I didn’t plan on running. My plan was to hold off initially because my wife is still going to school. I got talked into it because we needed representation on the ballot. It’s good to have someone on the ballot, to give a person the choice to vote for a libertarian. I’ve picked five planks. I want to disarm the police. People are talking about gun control and I think we should have gun control on those who are the most violent amongst us which are the cops. I want to take their weapons and give them to marginalized people.


I want to deport ICE. I want to make Michigan a sanctuary state. I believe in Medicare for all and that’s my pragmatic stance. People are suffering, we all have bills. The current system is not a private system and it’s nothing like a free market system either. Libertarian solutions happen outside the state and I believe that we need to build up mutual aid communities. In the meantime, people are suffering and they need help. I see Medicare for all is as an improvement. And finally, we are anti-fascist. That came about after what happened in Charlottesville.

71 Republic: Who are you and where do you live?

Kuehnel: I live in Warren Michigan, just north of Detroit. I’m 34, I come from a middle class, average family. I ended up getting into drugs real early, around 14. I graduated two years late and started working on houses soon after. That’s the main thing I’ve been doing for about a decade. I got my life straight about 7 years ago and got married. I’ve got my associates in heating and cooling and now I’m doing buildings and commercial rooftops.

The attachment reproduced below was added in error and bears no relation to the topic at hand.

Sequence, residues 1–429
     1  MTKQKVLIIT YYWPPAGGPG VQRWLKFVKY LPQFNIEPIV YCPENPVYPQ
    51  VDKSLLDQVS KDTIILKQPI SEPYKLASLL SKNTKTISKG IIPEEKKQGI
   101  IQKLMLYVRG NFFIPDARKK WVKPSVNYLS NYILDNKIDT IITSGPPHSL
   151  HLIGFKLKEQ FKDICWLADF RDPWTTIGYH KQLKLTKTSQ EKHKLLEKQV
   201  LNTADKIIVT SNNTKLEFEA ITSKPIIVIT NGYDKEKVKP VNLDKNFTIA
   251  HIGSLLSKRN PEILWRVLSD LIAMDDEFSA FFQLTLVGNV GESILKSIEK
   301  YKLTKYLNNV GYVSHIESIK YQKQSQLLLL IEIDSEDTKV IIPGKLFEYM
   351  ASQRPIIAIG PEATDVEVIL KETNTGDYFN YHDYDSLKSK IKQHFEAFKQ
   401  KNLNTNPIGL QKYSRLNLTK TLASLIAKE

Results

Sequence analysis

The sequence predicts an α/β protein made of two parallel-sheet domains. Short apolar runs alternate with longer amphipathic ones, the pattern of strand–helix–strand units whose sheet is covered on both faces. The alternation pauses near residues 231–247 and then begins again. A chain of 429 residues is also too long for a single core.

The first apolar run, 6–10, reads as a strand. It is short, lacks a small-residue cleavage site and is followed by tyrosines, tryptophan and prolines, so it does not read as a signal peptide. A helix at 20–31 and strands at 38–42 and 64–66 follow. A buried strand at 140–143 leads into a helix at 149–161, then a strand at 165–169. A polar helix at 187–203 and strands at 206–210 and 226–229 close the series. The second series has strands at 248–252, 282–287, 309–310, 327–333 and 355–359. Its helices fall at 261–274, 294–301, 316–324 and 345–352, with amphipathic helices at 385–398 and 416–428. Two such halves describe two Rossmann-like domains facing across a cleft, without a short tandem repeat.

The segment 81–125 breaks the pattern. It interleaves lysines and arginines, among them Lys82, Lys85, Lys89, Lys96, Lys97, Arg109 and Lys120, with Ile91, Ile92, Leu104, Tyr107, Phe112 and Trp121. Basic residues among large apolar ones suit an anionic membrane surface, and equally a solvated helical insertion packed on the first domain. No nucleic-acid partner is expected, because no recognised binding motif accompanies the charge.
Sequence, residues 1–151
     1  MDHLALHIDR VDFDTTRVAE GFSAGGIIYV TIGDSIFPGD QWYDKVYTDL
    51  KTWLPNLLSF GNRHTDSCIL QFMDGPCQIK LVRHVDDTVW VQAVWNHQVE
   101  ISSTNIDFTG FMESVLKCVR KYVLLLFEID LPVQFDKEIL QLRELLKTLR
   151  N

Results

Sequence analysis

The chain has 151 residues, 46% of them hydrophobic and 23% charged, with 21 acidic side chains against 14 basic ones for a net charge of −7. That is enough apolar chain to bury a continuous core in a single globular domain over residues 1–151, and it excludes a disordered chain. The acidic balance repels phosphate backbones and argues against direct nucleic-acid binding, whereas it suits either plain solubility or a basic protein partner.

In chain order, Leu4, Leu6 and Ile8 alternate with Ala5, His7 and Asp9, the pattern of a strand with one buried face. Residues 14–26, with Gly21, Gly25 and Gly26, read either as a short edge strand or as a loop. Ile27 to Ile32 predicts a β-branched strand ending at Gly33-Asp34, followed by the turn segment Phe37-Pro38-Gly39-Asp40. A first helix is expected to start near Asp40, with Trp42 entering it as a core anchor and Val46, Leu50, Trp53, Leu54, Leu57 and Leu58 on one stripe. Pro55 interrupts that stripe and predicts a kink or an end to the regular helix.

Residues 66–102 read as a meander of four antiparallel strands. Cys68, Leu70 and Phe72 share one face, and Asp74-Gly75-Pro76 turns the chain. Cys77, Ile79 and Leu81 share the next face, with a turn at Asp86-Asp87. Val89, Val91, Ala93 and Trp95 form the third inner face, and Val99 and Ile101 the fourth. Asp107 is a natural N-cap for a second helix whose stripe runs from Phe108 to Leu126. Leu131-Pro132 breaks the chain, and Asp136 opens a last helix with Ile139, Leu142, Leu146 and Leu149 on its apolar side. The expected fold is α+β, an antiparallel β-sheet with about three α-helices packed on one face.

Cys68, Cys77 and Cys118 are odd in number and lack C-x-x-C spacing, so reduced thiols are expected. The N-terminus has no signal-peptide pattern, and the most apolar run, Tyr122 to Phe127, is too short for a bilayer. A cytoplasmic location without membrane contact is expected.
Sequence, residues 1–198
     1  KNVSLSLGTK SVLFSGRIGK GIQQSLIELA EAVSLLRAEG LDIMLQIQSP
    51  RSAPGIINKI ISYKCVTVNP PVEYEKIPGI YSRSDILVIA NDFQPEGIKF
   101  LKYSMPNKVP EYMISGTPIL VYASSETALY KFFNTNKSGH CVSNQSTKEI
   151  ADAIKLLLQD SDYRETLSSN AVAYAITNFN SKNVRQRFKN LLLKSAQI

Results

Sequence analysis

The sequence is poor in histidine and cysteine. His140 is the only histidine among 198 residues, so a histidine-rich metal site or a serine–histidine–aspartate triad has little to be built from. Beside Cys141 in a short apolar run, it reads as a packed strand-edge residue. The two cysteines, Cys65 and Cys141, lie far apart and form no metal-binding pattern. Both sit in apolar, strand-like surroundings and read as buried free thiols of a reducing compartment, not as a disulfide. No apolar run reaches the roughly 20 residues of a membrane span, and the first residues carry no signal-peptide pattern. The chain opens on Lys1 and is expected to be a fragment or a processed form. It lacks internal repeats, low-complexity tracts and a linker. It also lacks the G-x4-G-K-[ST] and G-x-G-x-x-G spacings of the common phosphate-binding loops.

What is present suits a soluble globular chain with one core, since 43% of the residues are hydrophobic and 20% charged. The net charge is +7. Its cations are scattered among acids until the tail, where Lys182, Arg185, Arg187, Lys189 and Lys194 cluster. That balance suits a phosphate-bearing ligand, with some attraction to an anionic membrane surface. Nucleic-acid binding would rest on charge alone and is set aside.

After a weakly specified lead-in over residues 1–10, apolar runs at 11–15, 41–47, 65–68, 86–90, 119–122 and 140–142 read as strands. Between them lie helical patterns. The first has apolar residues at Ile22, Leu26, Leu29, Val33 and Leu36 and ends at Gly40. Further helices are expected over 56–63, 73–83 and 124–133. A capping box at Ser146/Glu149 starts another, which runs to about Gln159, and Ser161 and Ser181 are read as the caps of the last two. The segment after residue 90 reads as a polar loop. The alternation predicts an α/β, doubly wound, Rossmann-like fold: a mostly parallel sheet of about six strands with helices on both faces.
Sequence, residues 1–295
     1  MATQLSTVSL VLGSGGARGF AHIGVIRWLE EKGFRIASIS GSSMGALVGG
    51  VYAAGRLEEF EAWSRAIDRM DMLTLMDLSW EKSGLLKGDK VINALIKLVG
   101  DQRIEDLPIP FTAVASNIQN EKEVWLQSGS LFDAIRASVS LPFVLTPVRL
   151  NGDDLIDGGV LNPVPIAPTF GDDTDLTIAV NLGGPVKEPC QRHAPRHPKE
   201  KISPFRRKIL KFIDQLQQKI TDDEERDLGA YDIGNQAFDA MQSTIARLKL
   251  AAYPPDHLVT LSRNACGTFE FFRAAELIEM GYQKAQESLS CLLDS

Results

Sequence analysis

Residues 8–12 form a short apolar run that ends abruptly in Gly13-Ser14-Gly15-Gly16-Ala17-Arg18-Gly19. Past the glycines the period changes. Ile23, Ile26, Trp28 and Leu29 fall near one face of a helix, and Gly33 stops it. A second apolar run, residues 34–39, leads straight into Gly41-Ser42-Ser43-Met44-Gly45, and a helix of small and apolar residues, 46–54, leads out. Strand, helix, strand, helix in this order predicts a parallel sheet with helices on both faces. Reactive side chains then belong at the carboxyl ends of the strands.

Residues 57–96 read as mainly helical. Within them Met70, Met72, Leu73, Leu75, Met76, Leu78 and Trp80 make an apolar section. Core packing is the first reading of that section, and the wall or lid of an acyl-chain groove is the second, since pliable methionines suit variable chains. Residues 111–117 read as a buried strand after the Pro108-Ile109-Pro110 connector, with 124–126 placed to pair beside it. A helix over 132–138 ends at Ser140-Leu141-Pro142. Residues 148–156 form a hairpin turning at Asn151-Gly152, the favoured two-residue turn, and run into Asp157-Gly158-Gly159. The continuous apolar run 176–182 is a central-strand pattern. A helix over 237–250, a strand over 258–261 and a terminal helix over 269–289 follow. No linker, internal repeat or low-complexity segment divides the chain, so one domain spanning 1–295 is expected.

71 Republic: What brings someone like yourself into the Libertarian movement?

Kuehnel: Around 2007 Youtube started blowing up and I found Alex Jones and Ron Paul. I showed up to one of the first Tea Party’s here in Michigan. It was on our state capitol and around 5,000 people showed. I came in camo and I was wearing a big green mohawk and my sign said “The Federal Reserve is a private bank that owns America” on one side and on the other it said, “Eat the rich, burn the banks.” I wasn’t prepared for what I was going to encounter there at the Tea Party. It was a family orientated event with Joe The Plumber speaking. They did a moment of silence before a prayer and I screamed at the top of my lungs during the moment of silence “separate the church and state.” 5,000 heads just stared cold at me… It was a lot like the debate the convention.

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71 Republic: You don’t sound like a Tea Party type. Where were you coming from politically at that time?